Congjui & Potjui: Korean Cinderella
retold by Dr. Dongwol Kim Roberson
Long, long ago, in a small village in Korea, Congjui and her father lived in an old thatched roof house. Since Congjui's mother had died when Congjui was a tiny baby, all the women in the village took turns feeding her, and she grew up to be a beautiful girl.
When Congjui was about fourteen, her father found a wife through a village matchmaker and remarried. The stepmother had a daughter named Potjui, who was about the same age as Congjui. Her father was very happy for Conjui because he always wanted her to have a mother and a sister. He hoped that his new wife would become a good stepmother and Potjui would become a good stepsister.
Alas, the stepmother paid no attention to Congjui and treated her as if she were their maid. Potjui was not only ugly, but had a terrible temper. She always threw tantrums when she didn't get her way. She hit and pinched Congui, and pulled her hair when no one was around. Potjui was always jealous of Congjui's beauty and her good manners, so she made Congjui's life miserable by telling her mother that Congjui did not work as she was told.
As usual, after the autumn harvest, everyone in the village started weaving fabrics for new clothes for the special holidays in the coming year. Congjui's stepmother ordered both of the girls to weave for the family. Congjui sat at the loom and wove and wove while Potjui played. By evening, Congjui had finished several yards of cloth, while Potjui had not even woven one. Yet even after that, the stepmother scolded Congjui for not having finished her chores. Congjui worked hard and did everything just as she was told, but nothing could please her stepmother.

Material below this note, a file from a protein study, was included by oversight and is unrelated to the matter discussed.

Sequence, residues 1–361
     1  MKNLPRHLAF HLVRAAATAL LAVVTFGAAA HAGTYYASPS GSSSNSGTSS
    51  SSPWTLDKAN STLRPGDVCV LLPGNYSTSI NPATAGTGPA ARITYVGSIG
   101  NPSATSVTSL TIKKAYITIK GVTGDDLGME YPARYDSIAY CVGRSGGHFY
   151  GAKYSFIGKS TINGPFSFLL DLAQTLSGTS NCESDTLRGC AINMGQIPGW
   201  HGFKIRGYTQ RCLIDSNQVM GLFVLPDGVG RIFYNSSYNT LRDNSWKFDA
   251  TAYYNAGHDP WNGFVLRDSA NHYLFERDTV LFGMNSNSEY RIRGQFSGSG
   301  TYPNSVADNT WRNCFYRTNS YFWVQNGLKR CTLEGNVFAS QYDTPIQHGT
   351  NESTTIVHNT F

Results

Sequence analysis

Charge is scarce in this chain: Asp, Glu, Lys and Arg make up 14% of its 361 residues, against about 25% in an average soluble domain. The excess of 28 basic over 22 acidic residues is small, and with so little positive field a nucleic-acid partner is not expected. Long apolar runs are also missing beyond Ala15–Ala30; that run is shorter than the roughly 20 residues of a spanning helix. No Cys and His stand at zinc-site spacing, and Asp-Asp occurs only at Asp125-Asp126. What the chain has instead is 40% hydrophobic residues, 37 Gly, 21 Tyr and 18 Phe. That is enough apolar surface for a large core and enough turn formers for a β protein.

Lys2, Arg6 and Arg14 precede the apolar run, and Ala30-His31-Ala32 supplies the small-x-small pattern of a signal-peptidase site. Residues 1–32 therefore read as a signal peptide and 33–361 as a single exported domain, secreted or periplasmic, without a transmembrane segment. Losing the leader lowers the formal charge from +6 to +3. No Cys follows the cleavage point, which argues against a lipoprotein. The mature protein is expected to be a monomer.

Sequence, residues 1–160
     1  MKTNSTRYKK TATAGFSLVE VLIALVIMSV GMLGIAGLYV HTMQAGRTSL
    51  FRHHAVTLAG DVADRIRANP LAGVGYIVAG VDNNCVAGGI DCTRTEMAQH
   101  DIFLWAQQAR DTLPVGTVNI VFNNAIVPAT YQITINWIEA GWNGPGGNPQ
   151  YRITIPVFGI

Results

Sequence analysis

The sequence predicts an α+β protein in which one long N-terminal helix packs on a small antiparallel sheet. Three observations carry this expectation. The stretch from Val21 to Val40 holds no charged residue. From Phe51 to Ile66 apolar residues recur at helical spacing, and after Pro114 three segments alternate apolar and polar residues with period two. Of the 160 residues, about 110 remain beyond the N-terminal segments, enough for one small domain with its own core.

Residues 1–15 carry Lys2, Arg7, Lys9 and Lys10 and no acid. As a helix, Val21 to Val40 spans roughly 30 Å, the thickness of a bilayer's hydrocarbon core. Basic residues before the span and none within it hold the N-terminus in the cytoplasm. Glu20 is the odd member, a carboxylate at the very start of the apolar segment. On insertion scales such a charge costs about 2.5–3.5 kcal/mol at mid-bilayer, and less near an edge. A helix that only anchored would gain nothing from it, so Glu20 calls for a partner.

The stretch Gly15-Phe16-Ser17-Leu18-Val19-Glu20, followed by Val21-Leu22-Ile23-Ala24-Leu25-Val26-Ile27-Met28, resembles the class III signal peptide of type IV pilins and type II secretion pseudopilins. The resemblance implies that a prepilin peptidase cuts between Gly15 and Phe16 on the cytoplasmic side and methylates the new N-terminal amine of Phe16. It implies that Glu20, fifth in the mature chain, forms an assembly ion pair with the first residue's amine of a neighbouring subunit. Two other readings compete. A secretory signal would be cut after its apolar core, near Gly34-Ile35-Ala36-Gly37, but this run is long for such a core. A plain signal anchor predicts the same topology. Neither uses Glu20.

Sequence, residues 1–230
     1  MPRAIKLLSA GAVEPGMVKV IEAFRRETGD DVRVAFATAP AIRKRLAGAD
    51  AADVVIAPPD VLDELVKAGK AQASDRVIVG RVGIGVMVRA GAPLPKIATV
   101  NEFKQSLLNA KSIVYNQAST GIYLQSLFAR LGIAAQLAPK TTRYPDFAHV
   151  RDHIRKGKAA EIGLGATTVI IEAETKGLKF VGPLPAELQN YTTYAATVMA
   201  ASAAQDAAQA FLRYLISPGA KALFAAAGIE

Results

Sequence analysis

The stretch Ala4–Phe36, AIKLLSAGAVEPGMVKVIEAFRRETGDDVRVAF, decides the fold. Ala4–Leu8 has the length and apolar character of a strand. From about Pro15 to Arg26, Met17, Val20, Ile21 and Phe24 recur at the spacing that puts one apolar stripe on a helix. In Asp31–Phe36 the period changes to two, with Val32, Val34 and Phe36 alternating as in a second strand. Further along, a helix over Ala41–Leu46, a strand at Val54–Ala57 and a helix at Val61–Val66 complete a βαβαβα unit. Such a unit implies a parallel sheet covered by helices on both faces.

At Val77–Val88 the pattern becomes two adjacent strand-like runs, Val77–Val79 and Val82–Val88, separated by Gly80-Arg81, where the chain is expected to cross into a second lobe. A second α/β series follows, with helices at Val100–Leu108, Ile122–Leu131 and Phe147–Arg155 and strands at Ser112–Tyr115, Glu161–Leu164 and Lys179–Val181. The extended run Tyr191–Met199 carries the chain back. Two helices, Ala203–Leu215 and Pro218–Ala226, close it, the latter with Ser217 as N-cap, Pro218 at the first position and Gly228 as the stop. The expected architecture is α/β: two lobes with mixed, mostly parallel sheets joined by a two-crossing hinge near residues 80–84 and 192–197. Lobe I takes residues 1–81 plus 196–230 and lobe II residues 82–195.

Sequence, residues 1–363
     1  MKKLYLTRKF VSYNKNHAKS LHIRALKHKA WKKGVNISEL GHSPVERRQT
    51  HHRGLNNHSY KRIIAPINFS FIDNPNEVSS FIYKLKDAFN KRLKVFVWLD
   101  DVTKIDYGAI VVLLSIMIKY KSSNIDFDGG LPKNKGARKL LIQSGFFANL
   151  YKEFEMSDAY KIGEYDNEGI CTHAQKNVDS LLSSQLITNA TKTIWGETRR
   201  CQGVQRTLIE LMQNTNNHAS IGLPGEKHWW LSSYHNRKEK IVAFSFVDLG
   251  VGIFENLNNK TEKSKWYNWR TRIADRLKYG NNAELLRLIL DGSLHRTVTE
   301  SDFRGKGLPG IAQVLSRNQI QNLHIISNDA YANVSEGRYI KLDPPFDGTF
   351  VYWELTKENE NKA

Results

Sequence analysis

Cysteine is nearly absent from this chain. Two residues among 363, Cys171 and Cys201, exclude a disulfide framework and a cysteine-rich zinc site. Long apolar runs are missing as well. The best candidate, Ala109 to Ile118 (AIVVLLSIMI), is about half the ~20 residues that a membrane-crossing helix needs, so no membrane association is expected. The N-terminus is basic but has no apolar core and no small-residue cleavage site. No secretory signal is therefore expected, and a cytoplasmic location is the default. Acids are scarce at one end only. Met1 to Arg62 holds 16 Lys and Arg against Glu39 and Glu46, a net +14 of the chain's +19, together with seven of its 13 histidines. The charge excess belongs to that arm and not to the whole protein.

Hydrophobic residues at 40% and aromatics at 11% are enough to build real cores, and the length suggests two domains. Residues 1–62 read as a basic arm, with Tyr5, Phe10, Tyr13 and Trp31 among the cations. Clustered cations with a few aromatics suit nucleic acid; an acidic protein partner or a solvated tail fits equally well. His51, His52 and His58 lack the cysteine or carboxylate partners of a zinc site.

In the spring, their huge vegetable garden needed to be weeded and hoed. One beautiful spring day, the stepmother told Congjui and Potjui to work in the garden and gave Potjui an iron homee, a hand-held hoe, and a wooden homee to Congjui.
Potjui ran around chasing butterflies and telling Congjui to play with her. Congjui weeded and hoed with her wooden homee. Finally, Potjui weeded and hoed a very small portion of the garden, then decided her work was done. She went home, leaving the whole garden for Congjui to finish. Congjui's wooden homee did not last long and broke into half in the middle of the garden. The task was not even close to being finished.
Congjui was afraid of her stepmother's wrath. She just sat and cried, dreading what kind of punishment she would receive for not finishing her job.
Suddenly, a black ox appeared next to her, and mooed, "Congjui-ya, Congjui-ya, don't be so sad! I am here to help you. Why don't you go down to the stream and wash your hands and face? You will feel better!" When she returned, to her surprise, the gardenwork was all done.
One day, there was a big festival and everyone was invited. The stepmother and Potjui dressed up in their best hanbok, traditional Korean clothes, and wore pretty kkotshin, shoes embroidered with flowers. The stepmother sarcastically said, "Congjui, you want to go to the festival too, don't you? You can join us after you finish all of your chores." The stepmother told Congjui to fill the huge clay pot with fresh water, hull ten sacks of rice, and wash a mountain of dirty clothes. Poor Congjui stood there and watched with envy as they left.